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By Allen Edmonds

HARRISONVILLE – Gov. Mike Parson’s COVID team announced Thursday the activation of another tier of the state’s vaccination plan beginning Monday, but Cass County officials have heard nothing about when the vaccine will arrive or where it is coming from.

Cass County Health Director Andrew Warlen conducted a periodic briefing Thursday afternoon with county and city leaders virtually. In attendance were North Cass County Commissioner Ryan Johnson, Belton Mayor Jeff Davis, Belton Regional Medical Center Chief Executive Officer Todd Crass, Cass Regional Medical Center CEO Chris Lang, Belton Police Chief and Emergency Management Director Jim Person, Cass Regional Epidemiolgist Kevin Latinus, M.D., and Health Educator Sarah Czech.

Though county and hospital officials have been working for several weeks to vaccinate health care workers and long-term care residents and, (Phase 1A categories) Parson’s team Thursday announced a move effective Monday into Phase 1B, Tier 2, which includes any adult individual age 65 or over, and adults with comorbidities, such as cancer, chronic kidney disease, COPD, or intellectual and/or developmental disabilities such as Down Syndrome, heart conditions, a weakend immune system due to organ transplant, severe obesity, pregnancy, sickle cell disease or Type 2 Diabetes Mellitus.

First responders, some of whom in Cass County have already received the vaccine, are in Phase 1B, Tier 1, which officially opened on Thursday, according to Parson’s office.

Warlen told officials Thursday afternoon that, though he is still waiting on specific direction from the state, he anticipates the vaccination process will be in a drive-through format.

“We’ll be doing the registration all online, and trying to move people thorugh in a safe way, and as quickly as possible,” Warlen said.

“One of the things we’ve been pretty concerned about is mingling of people. The public health message we’ve been giving since this thing began is that we don’t want people gathering in large groups. We want to keep them separate and get them back on their way as quickly as possible.

Warlen said nearly 11,000 county residents have completed the online survey that became available last week at

“And I think all 11,000 have called our office to check the status of the vaccine,” he joked. “We just tell them that we have their information and we will contact them,” when vaccine for their category or “tier” becomes available.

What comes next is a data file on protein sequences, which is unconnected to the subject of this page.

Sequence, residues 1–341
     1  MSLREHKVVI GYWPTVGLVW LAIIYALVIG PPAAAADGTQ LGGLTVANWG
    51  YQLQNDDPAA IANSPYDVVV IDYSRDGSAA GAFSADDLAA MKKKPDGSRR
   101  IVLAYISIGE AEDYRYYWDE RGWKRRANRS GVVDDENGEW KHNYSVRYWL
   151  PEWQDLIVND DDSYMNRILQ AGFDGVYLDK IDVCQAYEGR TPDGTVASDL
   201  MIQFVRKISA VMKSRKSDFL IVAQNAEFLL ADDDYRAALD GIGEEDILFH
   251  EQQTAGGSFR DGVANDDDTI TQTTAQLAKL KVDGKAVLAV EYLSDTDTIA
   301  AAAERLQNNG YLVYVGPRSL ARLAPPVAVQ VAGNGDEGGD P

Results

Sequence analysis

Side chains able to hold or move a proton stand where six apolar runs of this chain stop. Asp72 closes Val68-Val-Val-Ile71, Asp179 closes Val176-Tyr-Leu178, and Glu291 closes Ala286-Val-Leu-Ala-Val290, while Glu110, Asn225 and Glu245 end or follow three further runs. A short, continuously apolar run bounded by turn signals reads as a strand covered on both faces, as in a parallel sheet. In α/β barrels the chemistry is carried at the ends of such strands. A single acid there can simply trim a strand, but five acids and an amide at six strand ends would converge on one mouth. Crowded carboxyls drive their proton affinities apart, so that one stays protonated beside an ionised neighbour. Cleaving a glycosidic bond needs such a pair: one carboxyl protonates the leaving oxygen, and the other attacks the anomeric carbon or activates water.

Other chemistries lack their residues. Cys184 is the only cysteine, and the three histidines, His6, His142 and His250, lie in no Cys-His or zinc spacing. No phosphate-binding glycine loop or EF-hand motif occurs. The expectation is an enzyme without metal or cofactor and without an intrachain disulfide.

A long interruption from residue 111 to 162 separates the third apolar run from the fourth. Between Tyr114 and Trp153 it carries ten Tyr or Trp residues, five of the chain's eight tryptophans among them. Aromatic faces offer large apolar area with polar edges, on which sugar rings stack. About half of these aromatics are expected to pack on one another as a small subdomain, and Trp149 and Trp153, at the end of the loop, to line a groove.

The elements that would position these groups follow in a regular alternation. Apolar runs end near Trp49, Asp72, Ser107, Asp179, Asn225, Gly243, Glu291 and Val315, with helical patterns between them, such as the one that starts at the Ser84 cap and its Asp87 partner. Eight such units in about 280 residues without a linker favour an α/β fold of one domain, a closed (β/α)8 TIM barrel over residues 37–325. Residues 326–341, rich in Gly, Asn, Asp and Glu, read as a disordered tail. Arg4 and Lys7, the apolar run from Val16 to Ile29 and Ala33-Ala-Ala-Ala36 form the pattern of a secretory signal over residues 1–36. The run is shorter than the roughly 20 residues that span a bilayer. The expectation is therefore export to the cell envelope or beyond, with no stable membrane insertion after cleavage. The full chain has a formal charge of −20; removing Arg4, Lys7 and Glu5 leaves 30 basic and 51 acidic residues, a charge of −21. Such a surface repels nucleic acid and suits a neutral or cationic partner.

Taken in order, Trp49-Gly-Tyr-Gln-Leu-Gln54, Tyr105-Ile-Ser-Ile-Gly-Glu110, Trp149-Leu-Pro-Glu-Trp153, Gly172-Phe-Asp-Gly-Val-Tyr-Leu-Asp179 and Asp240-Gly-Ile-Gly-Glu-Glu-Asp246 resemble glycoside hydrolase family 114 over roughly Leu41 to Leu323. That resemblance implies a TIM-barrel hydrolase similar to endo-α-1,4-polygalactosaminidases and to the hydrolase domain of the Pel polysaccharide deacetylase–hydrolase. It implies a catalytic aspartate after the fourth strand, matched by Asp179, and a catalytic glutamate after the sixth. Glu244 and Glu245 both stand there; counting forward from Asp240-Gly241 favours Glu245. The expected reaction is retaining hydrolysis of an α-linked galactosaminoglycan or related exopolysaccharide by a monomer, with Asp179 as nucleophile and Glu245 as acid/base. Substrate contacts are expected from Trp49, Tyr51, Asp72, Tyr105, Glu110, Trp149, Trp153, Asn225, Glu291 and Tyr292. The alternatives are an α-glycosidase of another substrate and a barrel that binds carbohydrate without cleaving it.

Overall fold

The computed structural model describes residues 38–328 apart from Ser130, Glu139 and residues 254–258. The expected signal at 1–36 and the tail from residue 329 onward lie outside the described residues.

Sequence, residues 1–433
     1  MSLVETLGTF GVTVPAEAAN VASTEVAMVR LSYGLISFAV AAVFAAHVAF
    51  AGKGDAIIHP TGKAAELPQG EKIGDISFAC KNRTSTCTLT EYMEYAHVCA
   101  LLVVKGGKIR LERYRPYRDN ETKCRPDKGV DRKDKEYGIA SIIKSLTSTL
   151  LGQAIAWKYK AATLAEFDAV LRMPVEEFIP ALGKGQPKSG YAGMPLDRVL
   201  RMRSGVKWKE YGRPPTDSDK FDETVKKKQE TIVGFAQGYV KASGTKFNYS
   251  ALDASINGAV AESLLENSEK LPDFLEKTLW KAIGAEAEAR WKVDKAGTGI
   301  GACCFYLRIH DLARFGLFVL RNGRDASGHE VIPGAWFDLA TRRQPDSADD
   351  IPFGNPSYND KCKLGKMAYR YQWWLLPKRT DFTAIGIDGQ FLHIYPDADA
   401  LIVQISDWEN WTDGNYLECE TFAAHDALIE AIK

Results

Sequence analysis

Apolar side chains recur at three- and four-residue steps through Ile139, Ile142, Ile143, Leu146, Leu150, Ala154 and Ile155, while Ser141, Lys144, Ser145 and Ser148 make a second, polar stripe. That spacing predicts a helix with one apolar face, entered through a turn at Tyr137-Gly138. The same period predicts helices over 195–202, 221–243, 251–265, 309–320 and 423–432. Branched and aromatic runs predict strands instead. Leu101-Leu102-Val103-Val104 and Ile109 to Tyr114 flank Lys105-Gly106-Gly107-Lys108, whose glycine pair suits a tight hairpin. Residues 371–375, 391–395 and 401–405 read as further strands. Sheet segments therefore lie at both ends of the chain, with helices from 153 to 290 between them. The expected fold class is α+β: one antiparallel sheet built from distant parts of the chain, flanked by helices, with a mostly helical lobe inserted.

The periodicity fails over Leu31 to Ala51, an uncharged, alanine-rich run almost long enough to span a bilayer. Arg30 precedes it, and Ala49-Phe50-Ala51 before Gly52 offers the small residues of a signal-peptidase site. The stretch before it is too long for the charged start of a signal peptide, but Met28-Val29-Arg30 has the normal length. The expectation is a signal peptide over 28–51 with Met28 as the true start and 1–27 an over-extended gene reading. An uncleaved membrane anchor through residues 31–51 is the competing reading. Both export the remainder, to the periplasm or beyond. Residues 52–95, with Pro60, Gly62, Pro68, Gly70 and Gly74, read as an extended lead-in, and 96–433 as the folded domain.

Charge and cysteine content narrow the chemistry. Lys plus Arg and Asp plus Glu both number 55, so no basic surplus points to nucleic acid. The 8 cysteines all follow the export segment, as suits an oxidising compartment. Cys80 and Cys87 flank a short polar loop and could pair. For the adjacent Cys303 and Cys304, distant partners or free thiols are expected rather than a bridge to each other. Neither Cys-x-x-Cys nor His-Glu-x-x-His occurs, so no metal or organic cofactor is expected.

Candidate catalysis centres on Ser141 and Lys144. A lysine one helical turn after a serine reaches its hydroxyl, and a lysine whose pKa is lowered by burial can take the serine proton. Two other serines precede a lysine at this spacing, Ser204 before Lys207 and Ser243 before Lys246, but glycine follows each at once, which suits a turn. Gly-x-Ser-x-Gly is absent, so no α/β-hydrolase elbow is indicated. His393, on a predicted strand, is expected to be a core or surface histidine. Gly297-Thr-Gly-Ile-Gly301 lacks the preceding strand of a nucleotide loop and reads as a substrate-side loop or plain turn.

Latinus asked how registration would be handled for, particularly, older patients who either do not have Internet access or are unfamiliar with the online survey process.

Warlen said registration would still be online, but health department personnel would complete the information over the phone with any individual who could not do the online process themselves.

“They’ll just need to call us and we’ll work with them,” Warlen said.

The Health Department can be reached at (816) 380-8425 between 8 a.m. and noon and 1 and 4:30 p.m. Monday through Friday.

Warlen said he anticipates working with both the cities and the school districts in locating physical locations for the outdoor process.

He also said that the process would include a waiting period following the vaccination to assure there was no physical reaction, and plans were being built in to accommodate that.

Person told the Belton City Council during its Tuesday virtual meeting that he had taken the vaccine himself and had experienced no ill effects.

“Not even any arm soreness,” he said. “It really wasn’t any different than the flu shot you get every year.”

Person said he had heard of no issues from any of the first responders that had received the vaccine.

He told the council that after Belton Regional Medical Center personnel had all been given the vaccine, there was some left over, so first-responders had been invited.


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